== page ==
I feel the same way about the AVID program and have attempted several times to shed light on this program to Oprah, who only showed the perspective of the movie, not other alternatives. like AVID. I am having a bunch of my former students write her as well, hoping that maybe AVID can be showcased on a national/international level like it should!

What the movie implies is that Finland's schools are idea and that teacher unions are a big part of the problem. They fail to mention that Finland has cradle to grave healthcare; they feed all students at school and they have unions. Also, the KIPP schools showcased are highly subsidized by private money, so they don't seem to be the panacea either. Although I don't often agree with union mentalities and don't believe in socialism much, I do believe in good teaching and caring about kids. The movie gives good teaching short shrift and the website is just as vacuous. I felt for the kids and parents in the movie, but the film does little to chart a new course.

November 3, 2010 | Unregistered CommenterWilliam Madigan

I do agree AVID is a great program. However, there are certain criteria students have to achieve and maintain to stay in AVID. Otherwise, they get placed on probation and "kicked out" of the program. AVID is awesome in helping students who have that drive to succeed. Unfortunately, many students are still left behind, and that is a tragedy

November 3, 2010 | Unregistered CommenterMichelle

After reading this response, I immediately forwarded it to all of my colleagues. We must stand up for what we believe in and for what works. AVID is making a difference in the lives of our students, families and teachers every day. Every day we are that much closer to closing the achievement gap and making college possible for ALL of our students. Thank you!

I would have to argue about there being no need for superman. AVID teachers, coordinators and supporting staff are Superheroes. Some may seem meek and mild-mannered on the outside, but on the inside they are tough, courageous, energetic, disciplinarians who model their expected behaviors, share their collegiate challenges, and prepare students with needed life and academic skills.

Super(wo)man was always there, he/she maintains their everyday image just to manage their ability to reach the everyday student. As my mother would say, "There's more than one way to skin a cat."

November 4, 2010 | Unregistered CommenterJoan Thompson

I graduated from the AVID program (Berkner High school, which coincidently is in a district which Jim Nelson was previously the Superintendent) and it literally saved me. I was a first generation college student and I had nothing that pulled me in the direction of college. I made B's and C's and often times I felt like I was not significant in a school of 3,000 kids. After enrollment in AVID, I saw an improvement in my grades and my interest in college. Often times I doubted weather college was still right for me but my AVID teachers never gave up and I found support in my "AVID family". AVID literally gave me the tools to become a successful college student; I learned how to take proper notes, how to fill out the FASFA (something that NO ONE in my family had done before), and how to believe in myself. I never thought that I would graduate with honors, let alone to have the choice of three colleges that I could attend.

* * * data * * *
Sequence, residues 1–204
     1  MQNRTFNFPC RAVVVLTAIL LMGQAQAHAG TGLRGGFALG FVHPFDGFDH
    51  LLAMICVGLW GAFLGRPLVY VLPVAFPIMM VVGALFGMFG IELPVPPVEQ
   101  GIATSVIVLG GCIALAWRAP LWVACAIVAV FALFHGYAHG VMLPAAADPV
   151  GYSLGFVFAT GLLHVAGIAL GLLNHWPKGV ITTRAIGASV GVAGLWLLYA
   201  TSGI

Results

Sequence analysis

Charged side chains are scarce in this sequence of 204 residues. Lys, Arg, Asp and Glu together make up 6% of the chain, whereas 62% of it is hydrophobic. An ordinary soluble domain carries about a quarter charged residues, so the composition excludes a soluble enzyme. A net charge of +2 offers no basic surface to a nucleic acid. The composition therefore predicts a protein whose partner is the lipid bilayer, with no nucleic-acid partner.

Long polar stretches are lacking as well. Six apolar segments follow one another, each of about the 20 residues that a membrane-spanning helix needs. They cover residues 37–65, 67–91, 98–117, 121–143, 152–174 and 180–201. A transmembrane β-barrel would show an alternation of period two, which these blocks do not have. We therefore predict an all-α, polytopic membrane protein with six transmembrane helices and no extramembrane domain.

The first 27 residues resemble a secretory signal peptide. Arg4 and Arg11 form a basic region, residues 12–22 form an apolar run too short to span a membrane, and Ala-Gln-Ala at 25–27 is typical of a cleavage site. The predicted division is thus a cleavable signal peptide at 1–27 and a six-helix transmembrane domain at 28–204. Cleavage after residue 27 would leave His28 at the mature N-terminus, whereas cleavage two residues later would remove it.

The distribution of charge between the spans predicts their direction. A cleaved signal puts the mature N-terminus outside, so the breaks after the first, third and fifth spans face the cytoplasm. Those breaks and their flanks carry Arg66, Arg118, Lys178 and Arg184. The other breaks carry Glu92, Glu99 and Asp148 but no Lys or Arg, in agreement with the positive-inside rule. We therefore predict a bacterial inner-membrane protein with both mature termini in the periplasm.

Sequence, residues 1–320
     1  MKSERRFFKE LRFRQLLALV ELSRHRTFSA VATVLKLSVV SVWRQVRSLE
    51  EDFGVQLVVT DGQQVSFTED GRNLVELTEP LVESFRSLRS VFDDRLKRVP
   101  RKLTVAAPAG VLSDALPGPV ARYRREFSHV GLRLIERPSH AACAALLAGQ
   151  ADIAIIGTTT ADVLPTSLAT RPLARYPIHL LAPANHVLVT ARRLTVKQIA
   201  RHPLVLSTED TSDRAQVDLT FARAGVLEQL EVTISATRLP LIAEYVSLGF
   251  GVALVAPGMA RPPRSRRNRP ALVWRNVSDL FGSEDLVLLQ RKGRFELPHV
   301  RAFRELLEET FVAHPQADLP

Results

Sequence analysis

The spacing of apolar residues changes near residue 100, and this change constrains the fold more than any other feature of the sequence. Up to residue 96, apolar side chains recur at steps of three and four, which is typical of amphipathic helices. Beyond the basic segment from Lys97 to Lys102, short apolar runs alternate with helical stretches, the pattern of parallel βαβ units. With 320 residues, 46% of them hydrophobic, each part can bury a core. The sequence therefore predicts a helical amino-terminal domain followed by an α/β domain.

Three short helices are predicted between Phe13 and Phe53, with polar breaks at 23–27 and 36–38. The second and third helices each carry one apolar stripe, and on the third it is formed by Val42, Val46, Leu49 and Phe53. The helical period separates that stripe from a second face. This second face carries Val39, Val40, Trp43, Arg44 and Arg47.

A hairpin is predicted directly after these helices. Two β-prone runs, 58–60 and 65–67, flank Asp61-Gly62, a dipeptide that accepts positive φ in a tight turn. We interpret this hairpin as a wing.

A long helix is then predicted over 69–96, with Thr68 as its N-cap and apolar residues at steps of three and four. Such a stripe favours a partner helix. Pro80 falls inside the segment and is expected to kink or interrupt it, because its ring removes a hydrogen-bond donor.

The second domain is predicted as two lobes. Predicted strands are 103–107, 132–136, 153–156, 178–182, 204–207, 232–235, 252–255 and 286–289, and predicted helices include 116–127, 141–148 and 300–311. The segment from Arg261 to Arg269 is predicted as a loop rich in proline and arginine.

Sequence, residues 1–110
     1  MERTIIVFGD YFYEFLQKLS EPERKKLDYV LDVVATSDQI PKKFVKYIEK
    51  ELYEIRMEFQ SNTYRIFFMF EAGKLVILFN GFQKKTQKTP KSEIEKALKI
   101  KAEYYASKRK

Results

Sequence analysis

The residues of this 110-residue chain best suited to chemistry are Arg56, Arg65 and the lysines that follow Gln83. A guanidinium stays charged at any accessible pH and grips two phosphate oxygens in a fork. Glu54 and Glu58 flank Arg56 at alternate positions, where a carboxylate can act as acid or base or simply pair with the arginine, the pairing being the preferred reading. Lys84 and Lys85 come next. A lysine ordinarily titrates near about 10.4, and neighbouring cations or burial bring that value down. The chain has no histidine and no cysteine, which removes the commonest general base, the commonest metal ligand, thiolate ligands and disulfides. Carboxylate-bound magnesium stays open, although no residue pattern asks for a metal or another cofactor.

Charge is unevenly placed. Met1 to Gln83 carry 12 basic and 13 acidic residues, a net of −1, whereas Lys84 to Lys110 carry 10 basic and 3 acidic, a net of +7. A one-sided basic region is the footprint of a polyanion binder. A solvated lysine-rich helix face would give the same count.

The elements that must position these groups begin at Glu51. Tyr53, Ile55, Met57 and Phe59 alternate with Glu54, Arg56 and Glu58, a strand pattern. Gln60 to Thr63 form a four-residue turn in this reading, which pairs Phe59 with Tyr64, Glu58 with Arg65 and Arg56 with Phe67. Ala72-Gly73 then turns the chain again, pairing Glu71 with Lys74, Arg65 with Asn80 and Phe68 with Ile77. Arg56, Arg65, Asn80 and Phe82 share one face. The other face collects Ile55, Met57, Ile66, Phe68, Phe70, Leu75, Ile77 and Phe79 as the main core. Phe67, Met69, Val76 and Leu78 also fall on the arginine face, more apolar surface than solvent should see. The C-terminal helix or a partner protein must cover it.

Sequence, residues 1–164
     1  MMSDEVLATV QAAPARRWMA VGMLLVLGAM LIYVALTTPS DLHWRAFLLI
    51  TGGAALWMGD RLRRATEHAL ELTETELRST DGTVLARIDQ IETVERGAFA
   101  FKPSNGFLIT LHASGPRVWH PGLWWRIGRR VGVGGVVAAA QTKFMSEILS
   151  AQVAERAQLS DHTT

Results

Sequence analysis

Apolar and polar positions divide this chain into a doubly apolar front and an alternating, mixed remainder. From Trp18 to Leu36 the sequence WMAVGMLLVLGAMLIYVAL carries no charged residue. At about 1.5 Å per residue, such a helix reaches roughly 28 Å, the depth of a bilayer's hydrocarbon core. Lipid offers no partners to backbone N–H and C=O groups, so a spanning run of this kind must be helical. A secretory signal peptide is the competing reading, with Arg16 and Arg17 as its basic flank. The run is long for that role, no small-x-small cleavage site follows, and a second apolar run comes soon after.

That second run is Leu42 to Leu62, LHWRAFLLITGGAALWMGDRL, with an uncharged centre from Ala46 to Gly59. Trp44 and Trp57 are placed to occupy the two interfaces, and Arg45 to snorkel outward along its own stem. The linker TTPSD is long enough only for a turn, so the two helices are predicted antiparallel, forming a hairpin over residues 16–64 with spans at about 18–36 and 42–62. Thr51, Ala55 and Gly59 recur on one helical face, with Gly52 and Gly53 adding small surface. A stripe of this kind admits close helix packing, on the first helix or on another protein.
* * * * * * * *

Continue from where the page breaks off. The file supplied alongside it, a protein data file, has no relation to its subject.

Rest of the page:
I am now a junior in college at UT Dallas on the path to graduate with a bachelors in History and a teaching certification. I returned to Berkner as an AVID tutor in hopes of inspiring those who felt just like me. Eventually I hope to become an AVID teacher because I want to give back to a program that has done more for me than I could have ever asked for.

Thanks to all for your comments. I appreciate hearing from so many of you who are doing great work on the front lines in our schools, and to Tori for writing from a former AVID student’s point of view. I would particularly like to address the comment from Michelle. During the AVID elective class enrollment period, students choose to participate in AVID and are made aware of the high standards they are expected to meet. It is a rare occasion when a student is placed on probation and is ultimately asked to leave the AVID program. AVID teachers work very hard to ensure their students’ success, and we all feel a loss for any student who does not meet the rigorous criteria. Fortunately, thirty years of data shows that the majority of AVID students not only thrive on academic challenges, but also are well-prepared for college. By the way, when students do leave the AVID program, it is not uncommon for them to return. If you want to pursue this discussion further, please contact our Executive Vice President, Rob Gira ([email protected]).